More here.

And in related news, the Ukraine Air Force is trying to crowd-source new fighters. Because this is 2022.

Flying Tigers Remembered in Taipei

The Republic of China Air Force, popularly known outside of Taiwan as the Taiwan Air Force, this month is celebrating two events, the Air Battle Over Hangchow, now commemorated as “Republic of China Air Force Day” and the 80th Anniversary of the First American Volunteer Group, popularly just remembered as Claire Chennault’s Flying Tigers, taking to the air.

The 14 August 1937 air battle over Hangchow, in which the first Chinese Air Force (of the Nationalist Kuomintang’s) fighter squadrons, the which Chennault had just been hired to advise, took to the air over Shanghai and Nanjing to provide the incoming Japanese bombers the first air-to-air threat they had ever experienced. The American-made Curtiss Hawk IIIs of the Chinese 21st, 22nd, and 23rd Pursuit Squadrons (borrowing the term used at the time for fighter squadrons in the U.S. Army) destroyed four Japanese Mitsubishi G3M Type 96 (Nell) long-range bombers without losing a single plane in return. The event is referred to these days by the Taiwan Air Force as “814” after its date.

Box art for the 1:48 Hawk III kit sold by Special Hobby (SH72223), depicting the events of 814 against IJN G3M2 “Nells”. The 30 or so Hawk IIIs used by the pre-war ROCAF were gradually replaced by Soviet fighter types they were destroyed, and Russian-built I-15 and I-16 types were imported to rebuild it.

Likewise, the Flying Tigers were formed in April 1941 with 100 former and on-leave American military aviators employed by the shell “Central Aircraft Manufacturing Company,” and were later married up with an equal number of crated Curtis P-40B Warhawks shipped via slow boat to Rangoon. By August 1941, 99 Warhawks were more or less assembled and on their way to the AVG training unit at Toungoo where they would be fitted with gunsights, radios, and wing guns which Curtiss was not allowed to supply. They would enter combat on 20 December 1941, 12 days after Pearl Harbor.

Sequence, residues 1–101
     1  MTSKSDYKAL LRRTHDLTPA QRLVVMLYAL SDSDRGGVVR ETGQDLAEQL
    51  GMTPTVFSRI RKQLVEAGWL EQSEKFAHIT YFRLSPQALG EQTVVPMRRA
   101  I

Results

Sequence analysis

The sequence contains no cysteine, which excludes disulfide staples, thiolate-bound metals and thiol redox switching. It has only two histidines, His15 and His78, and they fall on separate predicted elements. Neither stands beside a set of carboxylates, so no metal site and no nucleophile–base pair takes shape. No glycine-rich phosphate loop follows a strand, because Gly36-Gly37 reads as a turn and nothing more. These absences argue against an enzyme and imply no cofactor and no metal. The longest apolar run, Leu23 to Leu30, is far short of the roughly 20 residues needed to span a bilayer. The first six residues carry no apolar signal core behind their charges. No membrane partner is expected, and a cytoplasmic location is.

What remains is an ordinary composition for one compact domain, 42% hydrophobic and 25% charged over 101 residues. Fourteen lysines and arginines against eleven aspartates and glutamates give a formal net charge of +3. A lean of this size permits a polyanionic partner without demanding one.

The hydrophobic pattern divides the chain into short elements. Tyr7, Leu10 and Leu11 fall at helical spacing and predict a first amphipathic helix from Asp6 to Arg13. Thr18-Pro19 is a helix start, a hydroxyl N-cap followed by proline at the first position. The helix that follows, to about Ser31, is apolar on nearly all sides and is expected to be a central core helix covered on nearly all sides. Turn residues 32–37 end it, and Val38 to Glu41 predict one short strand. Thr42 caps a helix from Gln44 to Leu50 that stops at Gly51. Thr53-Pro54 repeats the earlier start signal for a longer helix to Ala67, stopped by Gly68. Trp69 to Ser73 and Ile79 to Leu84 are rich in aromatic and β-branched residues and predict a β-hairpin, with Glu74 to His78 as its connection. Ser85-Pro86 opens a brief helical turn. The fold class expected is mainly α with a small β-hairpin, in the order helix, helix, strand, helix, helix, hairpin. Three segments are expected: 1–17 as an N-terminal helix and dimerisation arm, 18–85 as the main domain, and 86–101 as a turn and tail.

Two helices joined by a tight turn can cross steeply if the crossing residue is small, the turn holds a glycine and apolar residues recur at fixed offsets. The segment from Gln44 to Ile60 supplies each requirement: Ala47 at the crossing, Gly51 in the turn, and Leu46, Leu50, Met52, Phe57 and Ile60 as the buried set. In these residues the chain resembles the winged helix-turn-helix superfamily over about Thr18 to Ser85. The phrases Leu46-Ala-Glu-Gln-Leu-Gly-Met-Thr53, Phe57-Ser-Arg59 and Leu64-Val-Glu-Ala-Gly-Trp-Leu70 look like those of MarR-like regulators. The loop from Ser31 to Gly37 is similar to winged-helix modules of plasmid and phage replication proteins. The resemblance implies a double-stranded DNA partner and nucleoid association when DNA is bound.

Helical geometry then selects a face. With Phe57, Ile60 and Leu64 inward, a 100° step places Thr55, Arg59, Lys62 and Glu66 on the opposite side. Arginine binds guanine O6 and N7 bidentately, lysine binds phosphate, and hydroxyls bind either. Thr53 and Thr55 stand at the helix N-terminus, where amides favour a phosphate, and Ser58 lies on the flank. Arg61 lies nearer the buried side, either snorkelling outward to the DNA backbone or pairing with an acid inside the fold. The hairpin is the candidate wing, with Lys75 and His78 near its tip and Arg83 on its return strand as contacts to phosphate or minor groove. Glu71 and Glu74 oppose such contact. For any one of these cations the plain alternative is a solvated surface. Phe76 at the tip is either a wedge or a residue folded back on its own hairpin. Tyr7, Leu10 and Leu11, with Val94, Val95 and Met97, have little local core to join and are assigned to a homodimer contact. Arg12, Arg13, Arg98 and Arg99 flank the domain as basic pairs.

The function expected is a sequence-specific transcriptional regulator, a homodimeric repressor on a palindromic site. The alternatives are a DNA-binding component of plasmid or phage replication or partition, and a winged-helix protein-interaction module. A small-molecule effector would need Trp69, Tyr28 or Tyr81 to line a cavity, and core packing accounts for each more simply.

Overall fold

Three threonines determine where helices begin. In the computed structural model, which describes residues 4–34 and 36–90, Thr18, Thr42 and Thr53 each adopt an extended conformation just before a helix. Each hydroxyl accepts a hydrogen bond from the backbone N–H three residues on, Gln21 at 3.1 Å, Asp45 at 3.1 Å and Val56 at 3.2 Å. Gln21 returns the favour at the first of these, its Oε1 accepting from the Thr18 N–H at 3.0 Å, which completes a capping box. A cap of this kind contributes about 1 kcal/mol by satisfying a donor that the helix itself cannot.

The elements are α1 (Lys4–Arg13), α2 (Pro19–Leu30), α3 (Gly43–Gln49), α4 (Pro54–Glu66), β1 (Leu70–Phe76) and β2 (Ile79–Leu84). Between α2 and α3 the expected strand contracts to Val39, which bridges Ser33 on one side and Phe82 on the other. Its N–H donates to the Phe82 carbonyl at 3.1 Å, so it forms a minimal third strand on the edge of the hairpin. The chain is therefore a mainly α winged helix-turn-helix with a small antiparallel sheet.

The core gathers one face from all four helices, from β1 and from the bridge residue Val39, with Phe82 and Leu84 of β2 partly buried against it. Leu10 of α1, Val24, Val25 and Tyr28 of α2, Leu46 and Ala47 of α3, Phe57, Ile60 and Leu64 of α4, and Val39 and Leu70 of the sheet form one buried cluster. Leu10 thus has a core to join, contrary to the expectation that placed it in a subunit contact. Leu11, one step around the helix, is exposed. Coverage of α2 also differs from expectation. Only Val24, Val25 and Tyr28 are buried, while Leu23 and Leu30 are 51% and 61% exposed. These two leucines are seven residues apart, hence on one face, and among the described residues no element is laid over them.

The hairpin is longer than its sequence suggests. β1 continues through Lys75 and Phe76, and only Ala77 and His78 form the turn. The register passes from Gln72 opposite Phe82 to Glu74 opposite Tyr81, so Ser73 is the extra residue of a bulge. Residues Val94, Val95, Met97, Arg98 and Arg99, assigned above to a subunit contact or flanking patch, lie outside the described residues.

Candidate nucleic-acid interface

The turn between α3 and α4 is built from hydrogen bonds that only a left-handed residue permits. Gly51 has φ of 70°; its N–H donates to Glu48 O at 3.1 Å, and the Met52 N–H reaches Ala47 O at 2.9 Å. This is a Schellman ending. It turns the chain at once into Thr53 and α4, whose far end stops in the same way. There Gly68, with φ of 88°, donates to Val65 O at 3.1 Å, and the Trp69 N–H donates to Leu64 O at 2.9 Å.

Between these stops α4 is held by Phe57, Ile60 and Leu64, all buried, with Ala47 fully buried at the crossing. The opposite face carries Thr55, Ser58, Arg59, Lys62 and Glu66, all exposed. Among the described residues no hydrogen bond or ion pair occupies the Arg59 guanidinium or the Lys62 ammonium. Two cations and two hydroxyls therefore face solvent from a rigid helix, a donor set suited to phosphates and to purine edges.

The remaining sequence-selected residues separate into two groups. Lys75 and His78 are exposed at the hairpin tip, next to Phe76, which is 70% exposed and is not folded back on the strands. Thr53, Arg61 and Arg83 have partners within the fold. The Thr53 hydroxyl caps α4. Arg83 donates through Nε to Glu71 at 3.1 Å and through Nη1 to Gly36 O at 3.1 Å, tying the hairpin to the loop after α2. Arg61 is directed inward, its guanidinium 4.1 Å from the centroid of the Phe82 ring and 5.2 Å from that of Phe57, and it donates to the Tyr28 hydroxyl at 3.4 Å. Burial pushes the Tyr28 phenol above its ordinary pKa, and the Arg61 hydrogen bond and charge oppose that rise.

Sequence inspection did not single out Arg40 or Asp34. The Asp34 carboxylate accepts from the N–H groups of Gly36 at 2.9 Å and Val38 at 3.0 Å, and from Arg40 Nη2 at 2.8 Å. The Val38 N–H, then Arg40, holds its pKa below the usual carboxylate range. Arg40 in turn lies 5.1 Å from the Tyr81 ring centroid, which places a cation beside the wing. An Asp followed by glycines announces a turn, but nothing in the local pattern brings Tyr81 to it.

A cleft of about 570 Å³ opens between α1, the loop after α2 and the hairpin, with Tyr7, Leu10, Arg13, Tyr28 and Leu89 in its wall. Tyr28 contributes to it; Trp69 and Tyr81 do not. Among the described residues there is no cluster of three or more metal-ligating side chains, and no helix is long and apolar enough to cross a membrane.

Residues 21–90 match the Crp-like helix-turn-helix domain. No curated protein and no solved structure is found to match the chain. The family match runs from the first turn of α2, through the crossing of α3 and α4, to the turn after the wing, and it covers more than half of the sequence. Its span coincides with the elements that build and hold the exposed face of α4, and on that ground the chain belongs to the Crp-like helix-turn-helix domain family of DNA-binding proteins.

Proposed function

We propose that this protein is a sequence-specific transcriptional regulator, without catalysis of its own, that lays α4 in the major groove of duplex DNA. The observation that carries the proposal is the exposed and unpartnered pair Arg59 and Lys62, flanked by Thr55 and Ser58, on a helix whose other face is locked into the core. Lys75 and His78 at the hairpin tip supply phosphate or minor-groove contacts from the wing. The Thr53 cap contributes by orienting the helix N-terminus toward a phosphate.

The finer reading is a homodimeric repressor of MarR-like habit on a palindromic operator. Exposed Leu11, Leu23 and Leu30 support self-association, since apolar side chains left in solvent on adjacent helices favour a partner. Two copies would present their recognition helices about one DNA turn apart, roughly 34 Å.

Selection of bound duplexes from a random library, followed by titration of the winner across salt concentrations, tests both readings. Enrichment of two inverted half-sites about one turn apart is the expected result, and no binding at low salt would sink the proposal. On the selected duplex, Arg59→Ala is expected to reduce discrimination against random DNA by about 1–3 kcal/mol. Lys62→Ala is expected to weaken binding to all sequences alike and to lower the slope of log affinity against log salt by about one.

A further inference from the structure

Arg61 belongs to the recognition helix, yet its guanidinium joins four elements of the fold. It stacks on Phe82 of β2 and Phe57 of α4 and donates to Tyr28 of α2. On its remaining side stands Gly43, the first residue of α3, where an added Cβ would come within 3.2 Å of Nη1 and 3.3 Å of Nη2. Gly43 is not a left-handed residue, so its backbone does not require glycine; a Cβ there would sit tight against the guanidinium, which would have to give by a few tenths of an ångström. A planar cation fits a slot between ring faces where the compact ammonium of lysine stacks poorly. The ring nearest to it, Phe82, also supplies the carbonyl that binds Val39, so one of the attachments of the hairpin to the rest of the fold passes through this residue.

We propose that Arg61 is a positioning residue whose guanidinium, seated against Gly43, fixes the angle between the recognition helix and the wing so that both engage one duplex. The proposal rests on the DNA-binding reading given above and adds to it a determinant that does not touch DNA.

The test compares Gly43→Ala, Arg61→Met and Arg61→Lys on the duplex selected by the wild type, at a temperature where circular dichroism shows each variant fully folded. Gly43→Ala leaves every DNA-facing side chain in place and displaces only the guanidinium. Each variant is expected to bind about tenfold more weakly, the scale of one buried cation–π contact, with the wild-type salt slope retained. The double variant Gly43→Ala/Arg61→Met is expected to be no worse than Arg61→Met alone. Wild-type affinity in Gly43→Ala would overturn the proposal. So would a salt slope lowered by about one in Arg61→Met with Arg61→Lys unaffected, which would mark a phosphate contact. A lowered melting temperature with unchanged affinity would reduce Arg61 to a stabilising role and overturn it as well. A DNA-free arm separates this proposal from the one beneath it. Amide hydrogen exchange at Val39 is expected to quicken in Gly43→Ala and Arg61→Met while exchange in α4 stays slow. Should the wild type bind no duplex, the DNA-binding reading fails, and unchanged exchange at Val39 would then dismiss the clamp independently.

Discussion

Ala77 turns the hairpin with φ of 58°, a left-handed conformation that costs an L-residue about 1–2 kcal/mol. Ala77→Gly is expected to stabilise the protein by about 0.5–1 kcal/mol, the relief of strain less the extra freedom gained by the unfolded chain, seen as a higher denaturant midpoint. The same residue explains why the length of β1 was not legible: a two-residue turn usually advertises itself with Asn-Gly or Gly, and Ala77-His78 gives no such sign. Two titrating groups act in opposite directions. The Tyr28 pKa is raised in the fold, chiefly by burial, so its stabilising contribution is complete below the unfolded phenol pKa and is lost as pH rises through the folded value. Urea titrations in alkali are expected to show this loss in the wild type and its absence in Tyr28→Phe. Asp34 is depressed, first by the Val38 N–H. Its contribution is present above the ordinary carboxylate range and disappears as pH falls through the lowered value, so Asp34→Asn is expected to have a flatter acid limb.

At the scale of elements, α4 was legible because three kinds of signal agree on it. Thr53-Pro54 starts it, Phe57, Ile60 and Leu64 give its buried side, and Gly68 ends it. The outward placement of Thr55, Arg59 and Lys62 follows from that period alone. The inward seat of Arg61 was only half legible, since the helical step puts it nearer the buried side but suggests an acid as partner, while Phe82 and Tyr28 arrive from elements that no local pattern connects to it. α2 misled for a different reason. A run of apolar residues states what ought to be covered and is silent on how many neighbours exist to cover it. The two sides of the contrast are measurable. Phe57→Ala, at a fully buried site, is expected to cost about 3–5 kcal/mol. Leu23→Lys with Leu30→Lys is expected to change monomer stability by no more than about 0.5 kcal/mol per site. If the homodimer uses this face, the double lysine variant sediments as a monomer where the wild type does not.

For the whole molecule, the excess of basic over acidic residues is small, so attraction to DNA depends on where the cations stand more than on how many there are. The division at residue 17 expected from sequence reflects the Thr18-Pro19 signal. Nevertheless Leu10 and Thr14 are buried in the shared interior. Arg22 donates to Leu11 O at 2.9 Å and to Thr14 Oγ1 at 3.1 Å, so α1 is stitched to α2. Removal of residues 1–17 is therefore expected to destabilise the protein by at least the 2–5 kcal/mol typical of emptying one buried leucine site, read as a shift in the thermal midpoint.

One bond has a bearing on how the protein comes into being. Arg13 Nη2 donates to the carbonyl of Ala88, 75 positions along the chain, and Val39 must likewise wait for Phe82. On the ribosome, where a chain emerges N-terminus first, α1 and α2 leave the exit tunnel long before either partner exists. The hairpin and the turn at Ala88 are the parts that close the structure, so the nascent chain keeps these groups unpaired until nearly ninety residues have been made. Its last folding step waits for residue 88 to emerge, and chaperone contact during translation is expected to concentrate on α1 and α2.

1941 AVG Flying Tigers 3rd Pursuit Squadron in front of a P-40 Tomahawk fighter.

A “blood chit” issued to the American Volunteer Group Flying Tigers. The Chinese characters read, “This foreign person has come to China to help in the war effort. Soldiers and civilians, one and all, should rescue and protect him.” The same flag as flown by the old Republic is Taiwan’s current flag. (R. E. Baldwin Collection)

Hell’s Angels, the 3rd Squadron of the 1st American Volunteer Group “Flying Tigers”, photo by RT Smith.

To celebrate the two events, the ROCAF has specially designed a commemorative emblem incorporating both, showing “the spirit of victory, inheritance, and loyalty and unremitting struggle.”

It should also be noted that the service has an affinity for the Tigers’ characteristic “sharks mouth” nose paint. Here, seen on a ROCAF F-16 and F-CK-1